Tuesday, October 31, 2017

“LBJ”– Movie Review


This week, I attended a New York Times Film Club screening of the new biographical drama, “LBJ”, starring Woody Harrelson and directed by Rob Reiner. 


When Lyndon Baines Johnson unexpectedly finds himself President Of The United States, can he rise to the occasion and display leadership?


As Senate Majority Leader, Democrat Lyndon Johnson (Harrelson) of Texas wielded great power; he could either make sure things got done or guarantee they would hit a dead-end.  After losing the Democratic nomination for President Of The United States to a young and handsome John Kennedy (Jeffrey Donovan) in 1960, it was something of a curiosity as to why Johnson would accept Kennedy’s offer to run on the ticket alongside him.  Since Johnson would be Vice President if Kennedy won, his power and influence would surely evaporate and he would lose his Senate seat.  Yet this seemed like an irresistible opportunity.  

Kennedy won the election by the slimmest of margins and predictably, Johnson got marginalized by the new President and his closest advisors – especially, Kennedy’s younger brother Bobby (Michael Stahl-David), who is now also Attorney General of The United States.  Johnson becomes increasingly frustrated by his irrelevance and decides instead to plan for 1968, thinking he would run for President following Kennedy’s second term (assuming, of course, that he would get re-elected).  However, Johnson knew his chances weren’t great because not that many incumbent Vice Presidents ever got elected. 

Fate intervened on November 22, 1963 when President Kennedy was assassinated; Johnson then assumed the position of President, much to the immense consternation of Bobby Kennedy, who of course was also still mourning the loss of his brother.  Instead of proceeding with his own agenda, Johnson decided it would be best to proceed with Kennedy’s policies – the main one being Civil Rights.  The problem, however, would come in the form of resistance from Johnson’s former Senate colleagues – especially the ones from the Southern states.  Would Johnson succumb to their pressure or would he be able to get a Civil Rights Act into law?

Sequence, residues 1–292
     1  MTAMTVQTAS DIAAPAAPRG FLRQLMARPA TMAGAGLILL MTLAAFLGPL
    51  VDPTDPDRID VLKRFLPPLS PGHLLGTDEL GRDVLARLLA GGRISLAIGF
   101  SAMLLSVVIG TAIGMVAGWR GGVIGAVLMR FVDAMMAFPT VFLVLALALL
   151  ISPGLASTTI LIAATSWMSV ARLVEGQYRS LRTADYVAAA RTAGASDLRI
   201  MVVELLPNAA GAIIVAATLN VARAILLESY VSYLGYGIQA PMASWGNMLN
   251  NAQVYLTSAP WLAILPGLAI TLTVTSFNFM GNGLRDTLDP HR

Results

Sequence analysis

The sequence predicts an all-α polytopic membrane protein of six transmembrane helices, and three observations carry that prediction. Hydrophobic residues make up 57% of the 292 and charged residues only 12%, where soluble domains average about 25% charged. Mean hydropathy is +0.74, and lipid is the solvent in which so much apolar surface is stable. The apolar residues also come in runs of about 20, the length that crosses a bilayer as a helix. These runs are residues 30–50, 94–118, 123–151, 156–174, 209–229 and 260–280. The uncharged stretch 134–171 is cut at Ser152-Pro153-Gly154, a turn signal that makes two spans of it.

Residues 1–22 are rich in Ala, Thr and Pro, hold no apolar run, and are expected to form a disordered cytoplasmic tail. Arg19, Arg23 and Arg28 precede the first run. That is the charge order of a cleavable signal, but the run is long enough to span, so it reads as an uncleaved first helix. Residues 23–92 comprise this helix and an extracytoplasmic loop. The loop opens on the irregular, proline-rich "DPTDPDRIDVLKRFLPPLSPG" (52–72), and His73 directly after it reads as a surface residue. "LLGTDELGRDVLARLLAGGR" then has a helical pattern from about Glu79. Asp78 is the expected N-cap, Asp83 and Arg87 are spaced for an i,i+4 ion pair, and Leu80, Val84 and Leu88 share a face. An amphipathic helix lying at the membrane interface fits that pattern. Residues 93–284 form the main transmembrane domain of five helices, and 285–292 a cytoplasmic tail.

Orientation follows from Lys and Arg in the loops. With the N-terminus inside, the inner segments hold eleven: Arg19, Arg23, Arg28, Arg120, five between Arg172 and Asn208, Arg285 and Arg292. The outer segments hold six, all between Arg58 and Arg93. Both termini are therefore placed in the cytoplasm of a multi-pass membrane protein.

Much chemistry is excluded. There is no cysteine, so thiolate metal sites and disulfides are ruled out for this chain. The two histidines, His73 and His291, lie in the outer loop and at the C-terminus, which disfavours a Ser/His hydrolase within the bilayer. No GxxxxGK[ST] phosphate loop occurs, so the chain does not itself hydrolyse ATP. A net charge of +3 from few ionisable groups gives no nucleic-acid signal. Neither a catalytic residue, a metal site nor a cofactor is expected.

“LBJ” is going to be remembered for one very important reason:  the fact that it is distinctly unmemorable.  For a movie that purports to document a crucial event in American history, it is stunning how lacking it is in substance; you are better off viewing HBO’s “All The Way” starring Bryan Cranston – not only does the HBO flick have a much better script (it was based on a play that also starred Cranston), but Cranston’s portrayal of President Johnson is far superior to that of Harrelson’s.  Cranston made you feel that Lyndon Johnson truly inhabited him whereas Harrelson is relying on a sloppy make-up job and an unconvincing accent (despite the fact that both he and the late president hail from the same state). 

The screenplay is amateurish in both the way it clumsily attempts to convey exposition and also in the confusing manner in which it jumps around chronologically, especially in its early scenes.  Additionally, there seems to be something of an inexplicable attempt to make “LBJ” a hagiography; it tries to portray its subject heroically in large part by making others around him seem much worse – this is especially true when it comes to the way that Bobby Kennedy was played.  Based on the way it comes across in the film, the main reason for the sour relationship between the younger Kennedy and his brother’s Vice President is due to the bad attitude Bobby had towards Johnson. 

Despite being a gifted actor in his own right, Harrelson cannot elevate this script; in fact, as good as he may be, Harrelson may have bit off more than he can chew when picking this role because there was nothing he was going to be able to do to make either himself or the movie look good.  He is unbelievable as Johnson and both this role and this motion picture are beneath him.  Also, Jennifer Jason Leigh as Lady Bird Johnson is totally wasted here; as the president’s wife, her character is ornamental and one-dimensional.  If the character did not appear at all, she would not have been missed.          

LBJ (2016) on IMDb

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